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Are you lucky enough to have a keyless car, motorbike or front door? If you are then you probably appreciate the convenience of being able to walk up to a door or vehicle, have it recognize the key in your pocket and automatically unlock the doors or allow you to start the vehicle.
The conceptual crime of being able to steal a car by relaying a contactless key’s signals is not new, but a video of the crime actually happening does make it real. West Midlands Police in the UK have released CCTV footage of just that, a pair of audacious thieves taking a Mercedes car from outside a home.
Security experts have repeatedly warned that there is a risk of key signals being relayed from the key to the car. To a consumer the concept may sound a little far-fetched. Technically-aware criminals carrying sophisticated technology that allows them access to vehicles or houses is probably something that still belongs only in Hollywood movies.
Manufacturers of vehicles have addressed the issue, in part: the key has to be within a certain distance from the vehicle. For example, to start the car the key may need to be in the vehicle. Limiting the range at which the antenna can read the key means the key holder is present and therefore it’s safe to allow access and starting. However, if a relay is used then the key may only appear to be in the car, as the video demonstrates.
Exactly how does the attack work and is it expensive to create? The attack, while seeming to be technology voodoo, is actually rather simple. It requires a transmitting relay near the key and a second relay near the car to receive the relayed signals and mimic the key. In 2011 the Department of Computer Science at ETH in Zurich published a paper detailing how to relay signals with equipment that cost just US$225. As technology becomes less expensive over time so does the equipment to relay ‘keyless’ signals, in April 2017 Wired published an article with details of devices as low as $22.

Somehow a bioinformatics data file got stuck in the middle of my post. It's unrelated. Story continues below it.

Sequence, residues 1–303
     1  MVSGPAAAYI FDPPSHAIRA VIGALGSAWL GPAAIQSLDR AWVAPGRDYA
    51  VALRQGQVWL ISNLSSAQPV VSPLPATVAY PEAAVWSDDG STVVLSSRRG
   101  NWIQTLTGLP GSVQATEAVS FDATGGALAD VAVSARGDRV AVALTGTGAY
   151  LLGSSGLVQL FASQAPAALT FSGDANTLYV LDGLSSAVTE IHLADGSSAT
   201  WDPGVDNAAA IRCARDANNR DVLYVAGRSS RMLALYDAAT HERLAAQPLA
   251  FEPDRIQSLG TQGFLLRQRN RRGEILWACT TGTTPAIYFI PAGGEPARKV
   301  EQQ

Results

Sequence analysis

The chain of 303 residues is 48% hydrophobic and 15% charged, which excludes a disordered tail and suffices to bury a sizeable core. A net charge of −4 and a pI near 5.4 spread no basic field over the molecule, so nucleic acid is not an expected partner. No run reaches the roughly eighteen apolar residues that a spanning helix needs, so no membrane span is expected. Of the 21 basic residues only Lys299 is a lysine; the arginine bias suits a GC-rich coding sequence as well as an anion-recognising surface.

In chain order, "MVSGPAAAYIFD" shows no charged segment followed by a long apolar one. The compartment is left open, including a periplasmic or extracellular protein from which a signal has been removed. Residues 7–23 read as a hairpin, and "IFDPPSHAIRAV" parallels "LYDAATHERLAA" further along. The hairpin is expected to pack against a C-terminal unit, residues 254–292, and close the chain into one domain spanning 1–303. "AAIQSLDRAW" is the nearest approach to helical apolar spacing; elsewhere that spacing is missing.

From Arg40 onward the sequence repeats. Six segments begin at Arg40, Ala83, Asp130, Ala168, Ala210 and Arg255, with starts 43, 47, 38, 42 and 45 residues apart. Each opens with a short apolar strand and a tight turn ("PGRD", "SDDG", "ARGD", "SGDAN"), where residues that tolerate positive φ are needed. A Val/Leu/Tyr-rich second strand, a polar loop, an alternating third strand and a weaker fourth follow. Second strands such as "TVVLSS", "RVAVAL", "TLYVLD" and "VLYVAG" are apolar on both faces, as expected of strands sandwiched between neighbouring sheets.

As the thieves demonstrate in the video, it is a matter of getting near the key (many of us leave keys near a door) and of having an accomplice near the vehicle. The relay transmits the signals to unlock the doors, the thieves then make the mistake of thinking the car will start but, as you will have seen, they need to play the process for the car to read the key a second time.“Manufacturers of vehicles have addressed the issue, in part: the key has to be within a certain distance from the vehicle”
Why write a blog about a known attack that’s not new? Well, the video published this week sparked my interest: I own a motorbike that has a keyless system and I am always amazed at being able to walk up, press the start button, and ride off. However, there are limitations. The key needs to be in a different pocket from my phone for signal and battery purposes. If the phone and key are together the bike does not see the key and the key loses battery power quickly, as the key thinks the phone is trying to read the RFID chip and activates the distance technology designed to make sure it’s near the reader. Thus, I end up with a dead battery in the key and having to use the backup system to start the bike.
I also have an RFID enabled passport. It’s this technology that allows you to go through the electronic passport check and is common in today’s passports. To add to this I have a credit card that allows contactless payments, and I’m sure that, if I looked further through my everyday items, I would find more.
The British passport I carry has an RFID chip that is readable within a certain distance. For example, if I put my passport down on the counter in a shop then a reader could be placed under the counter to read passports placed on it. The content is of course encrypted, but a talented cybercriminal may take the time to attempt to decrypt the data. If you hold a US passport the same issue does not apply: there is an RFID chip but the cover of the passport is shielded to stop ad hoc reading of the data.
By now I hope you are wondering just how many RFID devices you have in your wallet and life. There is a risk of devices oversharing or sharing at a time that you don’t want them to, as with the car key. There are solutions to shield your stuff: for example I have an RFID-blocking wallet, which protects my credit cards unless I remove them from the wallet to use them. There are similar wallets or covers for passports which in basic terms wrap their contents in a material that blocks radio signals.
The keyless car fob can also be protected with a wallet, but it may feel wrong to hide the key of your new Mercedes in a wallet. I would go for the simpler and cheaper option and place the car keys in a tin while I am at home – a small mint or candy tin will create enough of a block to stop you being the next victim. For those that want to go all out and create a Faraday cage you can find some helpful instructions here.
Author Tony Anscombe, ESET